Anyway… It’s not a big deal. Was just annoyed by a know-it-all talking to down to everyone else more than anything. And was wondering if my understanding of CNC was incorrect.

Thanks for the input. Oh, and the guy spouting off was (I believe) younger than myself.


As a basic definition you are correct. But the technical definition is more subtle. Think of all the classic raspberry pies, they are all considered “computers on a chip” while the new Pico is considered an mcu. It comes down to the architecture of the chips used but basicly you can identify the diffrence because a computer runs an OS and a mcu runs a single program (even if it is a very large one like Marlin)

Think of the definition of life. If you google it it will say somthing like “somthing that grows, changes, takes in energy, excreetes waste and reproduces.” But a virus does almost none of those things (it only reproduces) but is still considered Alive. The general Google definition is not always the full technical definition.

I’m probably missing some subtlety here (I do have my talents :roll_eyes:} so a fuel injection control unit which takes numerous inputs(data) and calculates the correct injector open time (single program) is not considered a computer? Or has the working definition of ‘computer’ changed since rooms full of vacuum tubes labeled ‘computers’ have evolved into tiny chips whose architecture is a consideration?

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I’ve always thought this and similar definitions would make fire “alive” as well. :fire: :grin:

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This stuff strikes a cord with me. This isn’t a “computer numerically controlled” machine. It is a CNC machine. It has grown so much more than it’s original term. It no longer needs to be bound by the expansion of the acronym.

I hate seeing it defined in articles about it. It doesn’t clarify anything.

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Nope not considered a computer, probably not even a mcu. I’m not a car guy so I can’t be 100% sure but I would venture to guess that a fuel injector like you describe is plc. Plc is programmable logic controller they tend to run several orders of magnitude Afaster than a mcu and tend to be used in super fast applications (the video card in your computer is a plc to handle graphics at 60+ frames per second). If you take a really big plc and join it to a few mcu in the right way. Then you get the technical definition of a computer. Now the new modern cars that have a single integrated device that runs everything from the cruise controll to fule ingection to playing pandora from your phone is likely a computer on a chip, similar to an rpi.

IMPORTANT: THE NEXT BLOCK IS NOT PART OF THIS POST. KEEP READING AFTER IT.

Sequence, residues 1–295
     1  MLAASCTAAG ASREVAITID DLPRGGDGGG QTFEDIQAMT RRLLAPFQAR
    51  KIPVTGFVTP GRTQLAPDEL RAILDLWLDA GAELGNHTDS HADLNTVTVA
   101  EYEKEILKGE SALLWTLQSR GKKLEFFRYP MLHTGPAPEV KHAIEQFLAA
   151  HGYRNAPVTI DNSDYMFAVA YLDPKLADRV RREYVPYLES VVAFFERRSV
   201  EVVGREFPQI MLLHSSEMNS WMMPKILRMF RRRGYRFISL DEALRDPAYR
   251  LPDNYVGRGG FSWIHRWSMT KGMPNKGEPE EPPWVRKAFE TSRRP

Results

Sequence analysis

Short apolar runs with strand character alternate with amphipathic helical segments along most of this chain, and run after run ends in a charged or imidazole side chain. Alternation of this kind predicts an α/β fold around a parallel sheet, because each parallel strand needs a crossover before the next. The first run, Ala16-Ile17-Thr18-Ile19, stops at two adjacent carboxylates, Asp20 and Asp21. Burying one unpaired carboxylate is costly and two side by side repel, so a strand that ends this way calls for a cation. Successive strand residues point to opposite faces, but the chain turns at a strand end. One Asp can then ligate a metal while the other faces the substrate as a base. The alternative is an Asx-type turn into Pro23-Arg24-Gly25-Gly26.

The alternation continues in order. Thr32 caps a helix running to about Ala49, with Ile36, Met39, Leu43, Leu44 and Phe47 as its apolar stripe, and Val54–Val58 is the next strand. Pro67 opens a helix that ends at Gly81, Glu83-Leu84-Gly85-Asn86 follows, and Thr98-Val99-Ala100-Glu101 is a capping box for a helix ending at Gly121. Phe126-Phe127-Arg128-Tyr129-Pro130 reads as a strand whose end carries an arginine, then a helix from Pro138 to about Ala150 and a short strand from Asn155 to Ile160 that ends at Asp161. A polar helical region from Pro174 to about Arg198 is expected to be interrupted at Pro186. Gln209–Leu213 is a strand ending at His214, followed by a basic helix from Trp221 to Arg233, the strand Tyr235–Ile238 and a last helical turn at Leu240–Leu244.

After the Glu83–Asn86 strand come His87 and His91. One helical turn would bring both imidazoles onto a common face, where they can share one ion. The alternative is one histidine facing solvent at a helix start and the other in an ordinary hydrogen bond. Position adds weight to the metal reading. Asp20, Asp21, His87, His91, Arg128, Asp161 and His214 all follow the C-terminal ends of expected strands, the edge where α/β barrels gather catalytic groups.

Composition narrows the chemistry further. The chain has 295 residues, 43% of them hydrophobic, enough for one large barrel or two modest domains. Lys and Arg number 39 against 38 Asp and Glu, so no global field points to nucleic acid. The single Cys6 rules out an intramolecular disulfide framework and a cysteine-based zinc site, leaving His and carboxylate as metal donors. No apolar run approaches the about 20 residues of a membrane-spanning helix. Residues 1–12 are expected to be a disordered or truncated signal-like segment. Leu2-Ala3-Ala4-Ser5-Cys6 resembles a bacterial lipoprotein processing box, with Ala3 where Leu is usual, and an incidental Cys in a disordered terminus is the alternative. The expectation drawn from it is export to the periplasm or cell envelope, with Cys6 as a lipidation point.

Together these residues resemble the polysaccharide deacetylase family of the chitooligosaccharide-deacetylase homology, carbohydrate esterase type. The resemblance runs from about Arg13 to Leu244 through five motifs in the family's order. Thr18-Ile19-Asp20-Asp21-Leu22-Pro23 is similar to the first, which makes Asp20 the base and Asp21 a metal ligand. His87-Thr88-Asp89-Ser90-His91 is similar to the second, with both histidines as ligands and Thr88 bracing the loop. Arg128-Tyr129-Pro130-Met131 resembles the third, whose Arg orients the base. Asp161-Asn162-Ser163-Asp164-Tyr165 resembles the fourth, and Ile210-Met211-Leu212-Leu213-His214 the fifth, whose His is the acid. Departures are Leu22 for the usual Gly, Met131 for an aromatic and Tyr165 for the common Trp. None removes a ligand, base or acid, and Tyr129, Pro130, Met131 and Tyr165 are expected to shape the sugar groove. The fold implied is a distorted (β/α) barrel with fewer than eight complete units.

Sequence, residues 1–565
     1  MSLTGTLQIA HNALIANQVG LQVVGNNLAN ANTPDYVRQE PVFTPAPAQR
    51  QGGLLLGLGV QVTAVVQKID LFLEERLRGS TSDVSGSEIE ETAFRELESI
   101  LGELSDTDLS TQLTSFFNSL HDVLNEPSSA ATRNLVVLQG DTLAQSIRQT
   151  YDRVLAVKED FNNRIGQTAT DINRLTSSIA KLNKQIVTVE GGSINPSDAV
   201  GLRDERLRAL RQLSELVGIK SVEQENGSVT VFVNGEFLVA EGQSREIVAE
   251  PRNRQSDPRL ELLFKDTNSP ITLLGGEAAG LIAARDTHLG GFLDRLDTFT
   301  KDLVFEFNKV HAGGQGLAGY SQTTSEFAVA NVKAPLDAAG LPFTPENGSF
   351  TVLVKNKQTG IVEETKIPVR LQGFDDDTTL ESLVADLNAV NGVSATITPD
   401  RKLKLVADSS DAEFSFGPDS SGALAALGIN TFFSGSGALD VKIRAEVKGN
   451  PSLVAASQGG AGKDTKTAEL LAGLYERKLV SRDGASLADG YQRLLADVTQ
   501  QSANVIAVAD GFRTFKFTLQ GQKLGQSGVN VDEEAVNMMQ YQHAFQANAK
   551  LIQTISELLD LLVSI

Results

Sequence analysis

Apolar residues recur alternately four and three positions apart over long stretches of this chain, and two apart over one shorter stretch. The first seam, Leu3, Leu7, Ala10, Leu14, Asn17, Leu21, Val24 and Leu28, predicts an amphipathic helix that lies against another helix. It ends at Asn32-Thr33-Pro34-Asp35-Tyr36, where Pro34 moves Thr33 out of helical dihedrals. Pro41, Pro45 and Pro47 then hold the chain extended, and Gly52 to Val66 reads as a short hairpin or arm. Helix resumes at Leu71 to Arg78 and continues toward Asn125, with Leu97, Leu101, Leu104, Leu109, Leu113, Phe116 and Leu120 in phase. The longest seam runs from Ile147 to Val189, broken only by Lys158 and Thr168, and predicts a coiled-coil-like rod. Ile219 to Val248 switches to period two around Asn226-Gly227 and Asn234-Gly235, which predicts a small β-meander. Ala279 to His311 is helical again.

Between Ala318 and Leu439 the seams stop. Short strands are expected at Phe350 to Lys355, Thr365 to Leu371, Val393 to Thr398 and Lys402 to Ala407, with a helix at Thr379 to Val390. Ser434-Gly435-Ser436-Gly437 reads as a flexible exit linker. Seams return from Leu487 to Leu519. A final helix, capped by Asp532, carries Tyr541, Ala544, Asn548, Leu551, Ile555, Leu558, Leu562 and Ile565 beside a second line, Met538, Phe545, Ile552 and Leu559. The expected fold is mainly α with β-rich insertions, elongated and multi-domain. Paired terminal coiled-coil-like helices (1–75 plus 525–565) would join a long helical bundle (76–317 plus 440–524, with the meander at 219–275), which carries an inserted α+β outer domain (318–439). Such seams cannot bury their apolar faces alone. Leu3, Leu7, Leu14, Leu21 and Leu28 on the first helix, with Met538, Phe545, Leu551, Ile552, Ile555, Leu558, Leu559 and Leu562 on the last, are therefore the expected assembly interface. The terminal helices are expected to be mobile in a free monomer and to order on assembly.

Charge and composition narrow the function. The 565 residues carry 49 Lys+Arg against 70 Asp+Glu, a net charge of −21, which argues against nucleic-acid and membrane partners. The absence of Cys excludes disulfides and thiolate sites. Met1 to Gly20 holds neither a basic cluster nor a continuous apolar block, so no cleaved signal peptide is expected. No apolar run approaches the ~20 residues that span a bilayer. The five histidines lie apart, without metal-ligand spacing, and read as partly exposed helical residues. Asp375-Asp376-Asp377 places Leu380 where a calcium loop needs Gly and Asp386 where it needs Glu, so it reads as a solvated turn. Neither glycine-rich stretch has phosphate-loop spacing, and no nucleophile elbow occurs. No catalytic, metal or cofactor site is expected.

Yup the diffrence is “organic compounds” that is what makes viruses living and fires not. A virus does not meet the general criteria but contains reaccuring organic compounds (spesificly a gene sequence) and fire meets pretty much all the criteria but contains no recurring organic compounds.

As for this I am not sure. My guess would be a mix of both the evolution of the word and just general use. I know the diffrence between these things, but I still tend to call them all computers in general company. Like you said before they all fit the general definition of a computer (witch is somthing that computes things, witch has a really interesting origin of being a person working for the weather service :crazy_face:). So I’m sure alot of things (like fuel injectors systems) being called a “computer” comes from the idea of if it has a bill and lays eggs, then it’s… a platypus… or a duck :wink:

In many respects I think our definition of ‘computer’ is an age thing. After all, when I was in school a Babbage engine was labeled a ‘computer’, no electronics at all. I guess I tend to think of a ‘computer’ as anything that takes input and uses it to ‘compute’ an output, many are very simple devices, like the simple circular slide rule pilots use that’s known as a flight computer that can be used to calculate things like wind triangles.